The Art of Hearing

Guide: How we hear

Our ears are very complex organs

Their job is to sense sound vibrations that travel through the air. Each ear has three main parts which play important roles in the hearing process: the outer ear, the middle ear and the inner ear. They form part of your hearing pathway.

Outer ear

This section is made up of two important parts—the pinna and the ear canal. The pinna is the part people see, the area that’s shaped like a hand tightly cupped over the entrance. Like a funnel, it collects the sound and directs it through to the eardrum in the middle ear. As sound travels through the ear, it vibrates.

Middle ear

As the vibrations travel to the eardrum, they cause a chain reaction in three small bones interconnected in the middle ear captivity. These are called the ossicles, and they amplify the sound and send it from the eardrum to the inner ear.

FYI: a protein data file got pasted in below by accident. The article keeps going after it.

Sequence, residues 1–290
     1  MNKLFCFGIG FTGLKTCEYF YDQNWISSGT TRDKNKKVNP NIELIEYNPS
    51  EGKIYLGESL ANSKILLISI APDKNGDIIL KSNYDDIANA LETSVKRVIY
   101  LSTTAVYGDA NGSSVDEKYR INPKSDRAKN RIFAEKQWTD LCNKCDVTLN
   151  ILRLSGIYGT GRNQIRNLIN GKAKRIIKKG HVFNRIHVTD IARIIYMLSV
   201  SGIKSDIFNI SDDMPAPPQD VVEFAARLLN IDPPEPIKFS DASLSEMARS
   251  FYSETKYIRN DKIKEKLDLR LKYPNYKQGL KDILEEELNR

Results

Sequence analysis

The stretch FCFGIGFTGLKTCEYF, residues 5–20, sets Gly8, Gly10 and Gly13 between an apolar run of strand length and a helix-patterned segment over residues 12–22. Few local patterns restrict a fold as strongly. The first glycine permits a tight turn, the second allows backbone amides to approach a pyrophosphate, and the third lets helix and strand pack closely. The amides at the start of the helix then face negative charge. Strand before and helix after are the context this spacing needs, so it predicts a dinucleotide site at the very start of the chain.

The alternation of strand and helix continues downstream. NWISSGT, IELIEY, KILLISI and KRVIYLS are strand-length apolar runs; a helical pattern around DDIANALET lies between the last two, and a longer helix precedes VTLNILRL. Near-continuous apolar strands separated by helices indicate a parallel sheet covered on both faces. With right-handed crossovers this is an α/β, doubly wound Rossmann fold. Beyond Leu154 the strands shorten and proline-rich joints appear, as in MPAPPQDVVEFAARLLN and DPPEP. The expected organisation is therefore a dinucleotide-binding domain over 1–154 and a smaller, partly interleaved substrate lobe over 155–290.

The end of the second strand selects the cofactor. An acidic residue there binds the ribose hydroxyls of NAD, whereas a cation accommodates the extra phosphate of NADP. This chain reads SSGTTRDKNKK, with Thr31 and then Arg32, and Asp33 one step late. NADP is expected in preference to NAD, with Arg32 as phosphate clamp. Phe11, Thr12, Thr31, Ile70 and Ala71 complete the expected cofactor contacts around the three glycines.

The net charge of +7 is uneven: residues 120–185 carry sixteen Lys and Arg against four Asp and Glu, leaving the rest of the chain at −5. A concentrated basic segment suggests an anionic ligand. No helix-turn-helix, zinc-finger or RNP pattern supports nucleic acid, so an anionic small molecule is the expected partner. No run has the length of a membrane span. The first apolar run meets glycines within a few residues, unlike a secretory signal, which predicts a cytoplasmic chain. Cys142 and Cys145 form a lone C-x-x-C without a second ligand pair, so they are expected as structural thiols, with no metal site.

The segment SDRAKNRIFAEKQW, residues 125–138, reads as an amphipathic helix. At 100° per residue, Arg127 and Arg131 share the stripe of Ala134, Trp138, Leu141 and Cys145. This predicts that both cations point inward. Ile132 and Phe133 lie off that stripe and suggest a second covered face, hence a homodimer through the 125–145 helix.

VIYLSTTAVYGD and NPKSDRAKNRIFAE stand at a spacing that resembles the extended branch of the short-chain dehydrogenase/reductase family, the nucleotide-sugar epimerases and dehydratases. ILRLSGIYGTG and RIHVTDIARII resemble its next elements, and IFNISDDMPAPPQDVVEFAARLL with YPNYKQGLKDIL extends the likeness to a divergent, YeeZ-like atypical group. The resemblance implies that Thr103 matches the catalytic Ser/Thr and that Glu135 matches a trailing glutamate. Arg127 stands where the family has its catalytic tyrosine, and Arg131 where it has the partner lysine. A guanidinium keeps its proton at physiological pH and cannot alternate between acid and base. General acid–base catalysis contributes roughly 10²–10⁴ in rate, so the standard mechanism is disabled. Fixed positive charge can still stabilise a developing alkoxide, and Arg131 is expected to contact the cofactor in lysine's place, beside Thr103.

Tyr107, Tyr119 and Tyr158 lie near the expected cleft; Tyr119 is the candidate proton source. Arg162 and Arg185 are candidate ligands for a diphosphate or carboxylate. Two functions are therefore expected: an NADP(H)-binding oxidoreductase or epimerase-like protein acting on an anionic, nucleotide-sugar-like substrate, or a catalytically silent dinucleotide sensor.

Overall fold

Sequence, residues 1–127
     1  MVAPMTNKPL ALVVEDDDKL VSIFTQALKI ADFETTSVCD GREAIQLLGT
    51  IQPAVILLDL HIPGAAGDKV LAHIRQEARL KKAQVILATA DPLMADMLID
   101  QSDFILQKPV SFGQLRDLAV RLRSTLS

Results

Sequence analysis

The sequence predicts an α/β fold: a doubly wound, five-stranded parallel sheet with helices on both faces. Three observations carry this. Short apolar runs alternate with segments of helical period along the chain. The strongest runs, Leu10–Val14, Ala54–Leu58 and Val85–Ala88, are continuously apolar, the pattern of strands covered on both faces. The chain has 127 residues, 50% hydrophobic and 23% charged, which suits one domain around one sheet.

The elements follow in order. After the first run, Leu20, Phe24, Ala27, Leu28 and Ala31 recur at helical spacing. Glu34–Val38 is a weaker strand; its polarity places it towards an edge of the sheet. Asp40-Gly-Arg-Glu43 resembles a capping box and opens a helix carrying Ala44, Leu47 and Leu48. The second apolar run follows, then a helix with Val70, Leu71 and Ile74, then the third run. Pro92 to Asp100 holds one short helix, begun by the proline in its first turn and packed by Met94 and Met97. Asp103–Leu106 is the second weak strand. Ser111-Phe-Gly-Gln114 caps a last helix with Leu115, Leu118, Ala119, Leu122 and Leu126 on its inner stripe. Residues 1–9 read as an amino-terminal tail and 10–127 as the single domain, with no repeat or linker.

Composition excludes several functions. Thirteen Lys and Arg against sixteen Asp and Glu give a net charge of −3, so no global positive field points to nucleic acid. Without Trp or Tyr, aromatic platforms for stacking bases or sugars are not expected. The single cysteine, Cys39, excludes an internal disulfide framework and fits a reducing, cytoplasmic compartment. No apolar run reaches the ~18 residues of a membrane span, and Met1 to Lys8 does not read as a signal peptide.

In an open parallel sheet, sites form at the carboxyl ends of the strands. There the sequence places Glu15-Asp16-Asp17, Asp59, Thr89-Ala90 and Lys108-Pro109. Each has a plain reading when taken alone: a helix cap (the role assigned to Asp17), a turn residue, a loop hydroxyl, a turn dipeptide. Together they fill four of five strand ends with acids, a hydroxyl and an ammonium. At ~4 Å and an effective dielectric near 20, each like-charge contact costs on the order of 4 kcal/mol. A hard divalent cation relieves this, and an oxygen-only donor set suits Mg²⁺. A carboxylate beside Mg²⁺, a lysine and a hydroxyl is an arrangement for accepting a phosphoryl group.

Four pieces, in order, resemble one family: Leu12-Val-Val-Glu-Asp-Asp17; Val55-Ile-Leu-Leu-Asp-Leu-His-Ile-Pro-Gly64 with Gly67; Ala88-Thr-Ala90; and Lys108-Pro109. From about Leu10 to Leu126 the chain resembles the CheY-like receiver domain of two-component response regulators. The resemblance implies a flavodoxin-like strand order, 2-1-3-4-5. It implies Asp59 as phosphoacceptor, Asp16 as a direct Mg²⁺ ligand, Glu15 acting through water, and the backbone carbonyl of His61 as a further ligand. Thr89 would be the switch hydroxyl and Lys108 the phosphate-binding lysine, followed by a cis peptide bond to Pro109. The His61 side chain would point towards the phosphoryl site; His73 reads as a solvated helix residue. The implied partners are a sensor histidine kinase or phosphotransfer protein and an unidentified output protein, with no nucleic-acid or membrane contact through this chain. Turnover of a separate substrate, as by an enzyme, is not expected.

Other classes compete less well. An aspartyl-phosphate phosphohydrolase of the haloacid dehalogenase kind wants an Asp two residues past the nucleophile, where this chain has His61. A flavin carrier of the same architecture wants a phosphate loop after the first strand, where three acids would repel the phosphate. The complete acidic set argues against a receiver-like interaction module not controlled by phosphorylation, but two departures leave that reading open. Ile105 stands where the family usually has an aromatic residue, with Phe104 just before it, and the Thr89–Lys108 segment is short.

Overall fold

Inner ear

The bones send the vibrations to the cochlea—a snail-shaped structure filled with watery liquid and lined with many thousands of tiny hair cells. As the cochlea vibrates, so does the liquid. When this happens, the hair cells sense the motion and convert it into an electric/chemical signal, that is then carried to the brain through the auditory nerve. The brain then interprets this as sound.

So technically, you hear with your brain. Your ears are the complex vehicle that takes the soundwaves to the brain.